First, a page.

Despite the great upheaval caused by COVID-19, there have also been new developments regarding the Juan y Rosa learning method. I have made two activities from the Juan y Rosa series available in a Dutch learning environment called Acadin (website:, which provides a challenging educational offering for gifted pupils. For the English-speaking market I have put two activities on the Juan y Rosa website so that everybody can try out the Juan y Rosa Spanish learning method for themselves. There is one activity for pupils aged 5 to 8 years old and one for pupils aged 8 to 13 years old. Click on them to try them out!

How can you learn Spanish without being in an environment where it is the native language? For every primary school pupil, but especially for the gifted, that is a big challenge because they have to work on increasing their tension arc. The activities on the website are aimed at letting pupils discover how much fun it is to start with something so difficult that it builds that tension arc – and not for weeks or months, but potentially for years. Besides learning Spanish to level A2+ CEFR (Common European Framework of Reference for Languages) with Juan y Rosa, they will gain many new educational insights.


Fortunately, the Spanish language is not completely absent from a child’s natural environment. For example, there are plenty of Spanish recipes to be found, Spanish can be heard in some pop music, there are numerous children’s films and songs available in Spanish online, and Spanish is widely spoken in the football world. This all means that pupils can also practice the new language well at home if they want to!

The Juan y Rosa learning method actively encourages them to do this, which helps schools to accommodate the needs of gifted children within regular classes.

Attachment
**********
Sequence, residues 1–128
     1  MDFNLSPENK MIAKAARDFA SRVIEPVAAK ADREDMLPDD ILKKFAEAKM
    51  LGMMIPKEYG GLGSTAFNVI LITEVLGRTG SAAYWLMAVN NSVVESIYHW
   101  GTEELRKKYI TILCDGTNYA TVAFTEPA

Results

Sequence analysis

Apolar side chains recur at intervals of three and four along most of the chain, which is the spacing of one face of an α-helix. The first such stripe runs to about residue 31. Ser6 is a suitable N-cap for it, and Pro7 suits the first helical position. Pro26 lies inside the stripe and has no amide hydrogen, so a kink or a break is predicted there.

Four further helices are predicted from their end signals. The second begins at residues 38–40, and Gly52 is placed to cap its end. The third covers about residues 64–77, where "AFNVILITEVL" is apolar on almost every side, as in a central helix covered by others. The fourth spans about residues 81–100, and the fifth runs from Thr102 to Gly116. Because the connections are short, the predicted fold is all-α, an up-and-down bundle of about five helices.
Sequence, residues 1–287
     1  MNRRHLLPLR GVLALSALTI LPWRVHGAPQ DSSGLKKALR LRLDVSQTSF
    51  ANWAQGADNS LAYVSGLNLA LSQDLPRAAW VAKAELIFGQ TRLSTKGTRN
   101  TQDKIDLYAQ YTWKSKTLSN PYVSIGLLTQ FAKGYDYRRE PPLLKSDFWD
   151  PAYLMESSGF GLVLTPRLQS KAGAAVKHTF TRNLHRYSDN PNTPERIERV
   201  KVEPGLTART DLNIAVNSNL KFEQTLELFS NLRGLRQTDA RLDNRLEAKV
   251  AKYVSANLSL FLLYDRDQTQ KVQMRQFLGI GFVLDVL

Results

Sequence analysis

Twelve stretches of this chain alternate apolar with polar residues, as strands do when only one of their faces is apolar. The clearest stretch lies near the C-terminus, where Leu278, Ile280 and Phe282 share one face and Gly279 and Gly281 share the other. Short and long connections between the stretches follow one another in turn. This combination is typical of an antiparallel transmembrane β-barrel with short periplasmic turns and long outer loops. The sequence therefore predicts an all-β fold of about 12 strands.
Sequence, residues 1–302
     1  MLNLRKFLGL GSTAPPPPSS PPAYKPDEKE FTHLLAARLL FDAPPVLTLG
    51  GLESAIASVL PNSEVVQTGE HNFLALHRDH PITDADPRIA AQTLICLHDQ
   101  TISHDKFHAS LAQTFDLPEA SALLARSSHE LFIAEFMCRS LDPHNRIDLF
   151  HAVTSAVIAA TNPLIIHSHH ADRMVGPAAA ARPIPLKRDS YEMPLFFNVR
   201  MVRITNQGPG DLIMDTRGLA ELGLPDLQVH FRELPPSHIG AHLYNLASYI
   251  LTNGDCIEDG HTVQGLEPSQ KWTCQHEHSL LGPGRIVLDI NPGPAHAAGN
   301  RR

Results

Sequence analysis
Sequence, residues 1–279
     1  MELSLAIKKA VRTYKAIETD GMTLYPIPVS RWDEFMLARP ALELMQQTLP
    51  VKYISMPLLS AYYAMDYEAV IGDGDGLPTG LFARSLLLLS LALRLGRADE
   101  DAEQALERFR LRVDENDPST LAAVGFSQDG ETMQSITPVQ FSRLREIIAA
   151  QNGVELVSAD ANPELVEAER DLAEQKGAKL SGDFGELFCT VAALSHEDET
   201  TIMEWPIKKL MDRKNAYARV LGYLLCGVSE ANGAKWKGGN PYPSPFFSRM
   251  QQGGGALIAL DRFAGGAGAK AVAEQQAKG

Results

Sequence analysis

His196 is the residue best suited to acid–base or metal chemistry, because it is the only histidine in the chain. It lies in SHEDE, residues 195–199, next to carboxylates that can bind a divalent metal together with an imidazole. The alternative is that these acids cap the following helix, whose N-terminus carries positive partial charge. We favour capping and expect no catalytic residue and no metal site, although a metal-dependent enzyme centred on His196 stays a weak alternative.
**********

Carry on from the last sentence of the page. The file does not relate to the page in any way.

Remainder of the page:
LBBO-SB (Specialist Begaafdheid, specialist on the gifted)

LBBO is a national professional group for educational supervisors in the Netherlands. This includes internal counsellors, ambulatory counsellors, young-child specialists, behavioural specialists, image counsellors and specialists on the gifted. In November 2019, I joined the departmental committee of the latter group: an enthusiastic group of experts who are all in some way specialists on the gifted. They contribute to an active network for primary school supervisors of pupils who can, want or need to be more challenged. Search for the LBBO-SB group via the LBBO website and/or on Facebook, add the pages to your favourites and visit them regularly to find relevant information about the gifted.


In recent weeks I regularly came across messages from Willem Wind, how I first discovered as the author of the book called Hoe het leven mij misleidde (How life misled me) in 2000. Reading that book marked the start of my quest into the implications of being gifted and the possible consequences you can experience in everyday life.

His website ( provides a lot of information about his fresh look at giftedness.


The articles titled “Top-Down Education”, “The Splits of the Gifted” and “Open Space Education in a Nutshell” have particularly caught my attention and I would therefore like to share them with you (also available in English). The idea for the Juan y Rosa learning method has been developed based on the idea that each pupil is responsible for making their own learning process interesting and useful – and Juan y Rosa is happy to help them do so!